OpenClinica is the world's first open source clinical trial software for electronic data capture (EDC) and clinical data management (CDM). In just a few years, OpenClinica has become the most highly adopted clinical trial software. It has been built with open standards to make clinical research possible in more than one hundred countries. It's a modular solution and offers both a Community and Enterprise edition.

4: OpenStack

OpenStack is an open source cloud operating system that allows you to control the different systems it has created: Compute (provision and manage large networks of virtual machines), Storage (object and block storage for use with servers and applications), and Networking (network and IP management). All control and management is done through a single user-friendly dashboard, where you can provision and automate cloud-based resources.

5: Kitware

Kitware is a company committed to open source development. Currently, it has created software for software process, scientific computing, computer vision, medical computing, informatics, and data management. It is well known for major contributions to the VTK, ITK, Cmake, and ParaView projects and has made its mark by creating a cross-platform software process to enable open source tools to thrive. Kitware also provides custom consulting services to support a wide range of endeavors. It's constantly pushing the envelope and using open source tools in data mining/mapping for a number of fields. Out of this, Kitware has created a number of tools, such as Visomics,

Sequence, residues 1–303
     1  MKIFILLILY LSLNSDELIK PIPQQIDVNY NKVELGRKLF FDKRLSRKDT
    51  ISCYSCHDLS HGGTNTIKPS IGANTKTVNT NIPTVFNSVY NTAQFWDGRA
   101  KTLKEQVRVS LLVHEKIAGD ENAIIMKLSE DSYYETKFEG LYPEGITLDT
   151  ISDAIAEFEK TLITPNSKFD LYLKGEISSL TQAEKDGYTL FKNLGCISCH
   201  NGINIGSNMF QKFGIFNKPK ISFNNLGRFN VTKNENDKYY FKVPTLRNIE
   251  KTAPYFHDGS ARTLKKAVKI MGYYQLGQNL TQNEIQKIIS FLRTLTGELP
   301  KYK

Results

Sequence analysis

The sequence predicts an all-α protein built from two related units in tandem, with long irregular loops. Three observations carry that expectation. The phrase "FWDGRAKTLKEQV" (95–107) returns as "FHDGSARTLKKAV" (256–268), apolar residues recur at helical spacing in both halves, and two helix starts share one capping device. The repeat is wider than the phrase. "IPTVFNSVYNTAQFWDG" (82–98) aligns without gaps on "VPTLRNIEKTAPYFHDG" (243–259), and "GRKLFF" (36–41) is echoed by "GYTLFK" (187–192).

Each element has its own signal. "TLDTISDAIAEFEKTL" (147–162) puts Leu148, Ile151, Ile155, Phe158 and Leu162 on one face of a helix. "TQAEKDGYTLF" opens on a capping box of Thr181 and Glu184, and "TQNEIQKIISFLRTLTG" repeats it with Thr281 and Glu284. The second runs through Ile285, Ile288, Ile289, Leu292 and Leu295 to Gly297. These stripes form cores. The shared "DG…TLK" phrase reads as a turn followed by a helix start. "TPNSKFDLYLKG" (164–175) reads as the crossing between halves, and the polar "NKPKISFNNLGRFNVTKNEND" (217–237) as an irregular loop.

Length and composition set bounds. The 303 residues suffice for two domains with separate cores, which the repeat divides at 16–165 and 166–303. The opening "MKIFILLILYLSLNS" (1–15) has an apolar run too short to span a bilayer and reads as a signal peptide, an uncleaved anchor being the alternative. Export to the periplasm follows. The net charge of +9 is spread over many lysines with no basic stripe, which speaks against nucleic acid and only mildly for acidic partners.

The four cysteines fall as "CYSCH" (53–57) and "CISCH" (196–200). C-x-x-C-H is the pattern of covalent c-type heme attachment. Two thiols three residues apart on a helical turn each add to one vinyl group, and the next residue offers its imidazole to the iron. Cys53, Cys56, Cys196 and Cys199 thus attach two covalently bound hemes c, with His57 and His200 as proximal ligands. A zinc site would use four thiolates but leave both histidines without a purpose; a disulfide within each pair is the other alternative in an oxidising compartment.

6: OpenDaylight

OpenDaylight is a community-led, open source framework to enable the creation of innovative, transparent software-defined networks (SDNs).  With an SDN-deployed network, you need the right tools to help you manage the infrastructure. That's where OpenDaylight comes in. At its core, OpenDaylight has a modular, pluggable, and flexible controller contained within its own Java Virtual Machine (JVM), so it can be deployed on any platform that supports Java. This controller contains a collection of modules that perform much-needed network tasks.

7: ForgeRock